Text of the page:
Currently, almost half the global population has no access to the Internet. This inequality is even more acute in rural areas of Africa, Latin America and the Global South, where low population density and low income generate little incentive for the deployment of commercial network infrastructure. Such areas thus become digitally excluded or neglected.
In most cases, people living in digitally excluded areas also face other diﬃculties, such as insuﬃcient resources in economic and employment terms, as well as in terms of education, transport, electricity, gender equality and access to land and potable water.
The fundamental role of libre and community networks is to facilitate the construction of low-cost autonomous technological infrastructure for the deployment of Internet networks. The primary objective is to overcome the barriers imposed by centralization and control of commercial network infrastructure and the content that circulates on that infrastructure.
The challenge is not only to facilitate Internet access, but rather to co-create our little piece of the Internet via libre and community networks governed by the communities themselves, through collaboration and organization.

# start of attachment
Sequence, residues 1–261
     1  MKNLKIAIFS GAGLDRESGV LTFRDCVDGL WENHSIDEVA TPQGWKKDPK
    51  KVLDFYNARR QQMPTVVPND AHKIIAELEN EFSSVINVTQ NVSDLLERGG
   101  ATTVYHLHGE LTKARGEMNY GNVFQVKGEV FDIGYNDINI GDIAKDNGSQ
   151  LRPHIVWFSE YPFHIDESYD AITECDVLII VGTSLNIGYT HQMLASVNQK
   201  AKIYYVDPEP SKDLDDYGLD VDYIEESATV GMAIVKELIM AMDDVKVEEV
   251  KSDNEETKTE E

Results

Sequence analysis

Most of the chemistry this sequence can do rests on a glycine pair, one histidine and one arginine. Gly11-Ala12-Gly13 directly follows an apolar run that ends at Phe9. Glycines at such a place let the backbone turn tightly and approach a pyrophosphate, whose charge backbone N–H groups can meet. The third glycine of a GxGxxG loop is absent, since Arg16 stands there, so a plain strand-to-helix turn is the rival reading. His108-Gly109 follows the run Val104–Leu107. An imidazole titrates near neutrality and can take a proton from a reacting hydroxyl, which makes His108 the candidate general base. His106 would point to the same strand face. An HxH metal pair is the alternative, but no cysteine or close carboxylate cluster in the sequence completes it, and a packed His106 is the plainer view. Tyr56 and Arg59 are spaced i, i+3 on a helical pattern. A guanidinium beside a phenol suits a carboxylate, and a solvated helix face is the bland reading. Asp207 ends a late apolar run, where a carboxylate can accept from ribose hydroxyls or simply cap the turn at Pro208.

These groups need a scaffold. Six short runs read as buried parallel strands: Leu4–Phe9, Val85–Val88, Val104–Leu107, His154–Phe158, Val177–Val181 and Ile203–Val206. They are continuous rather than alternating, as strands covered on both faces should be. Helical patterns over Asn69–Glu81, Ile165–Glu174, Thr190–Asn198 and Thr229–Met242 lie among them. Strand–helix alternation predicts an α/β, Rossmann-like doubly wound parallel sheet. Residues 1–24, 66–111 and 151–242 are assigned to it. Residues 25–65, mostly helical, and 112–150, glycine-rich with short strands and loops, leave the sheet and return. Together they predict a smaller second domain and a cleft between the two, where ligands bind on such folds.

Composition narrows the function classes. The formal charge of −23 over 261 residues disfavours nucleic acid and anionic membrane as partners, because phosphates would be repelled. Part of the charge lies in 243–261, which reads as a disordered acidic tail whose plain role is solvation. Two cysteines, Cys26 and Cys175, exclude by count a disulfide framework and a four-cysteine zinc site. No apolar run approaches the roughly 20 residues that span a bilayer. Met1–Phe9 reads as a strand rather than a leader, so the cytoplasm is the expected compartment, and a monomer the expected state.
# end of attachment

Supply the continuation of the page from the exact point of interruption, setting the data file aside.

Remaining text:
Internet is a tool to increase transparency and access to information and to facilitate civic engagement in support of social, cultural, economic and political changes that improve the situation of the communities.
Libre and community networks encourage the consolidation of cooperative community empowerment processes for “another world that is possible.” Viewed in this way, it becomes vital and necessary to consider the Internet as a public asset.
By connecting the community network to the Internet, the network then becomes part of it. A portion in which the community chooses how to participate in that global network of networks.
An open, neutral and decentralized network is built by the communities through agreements and consensus. This process collaborates with the autonomy, sustainability and the functioning of the libre community network.
At the same time, it empowers the communities to design the structure and functioning of their own network, respecting local identities and needs.
Libre community networks lead to learning and understanding as to how the network functions and thus be able to take decision about the network and not be subordinate to the rules of commerce or the imposed criteria that, in most cases, are opposed to the interests of the communities.
The use and understanding of technologies promotes an inclusive and conscious access to digital resources, facilitating education, learning, knowledge sharing, the creation of local media platforms, civic engagement and the social and regional economy.
Community Networks have speciﬁc charateristics that deﬁne them as such and are their strengths:
- Collective property
This means that the infrastructure (antennas, routers, cables, etc.) is property of all the people co-creating the network and of the community that deploys it. It is not owned by just one person, nor by a minority group or by a single public or private entity.
- Social management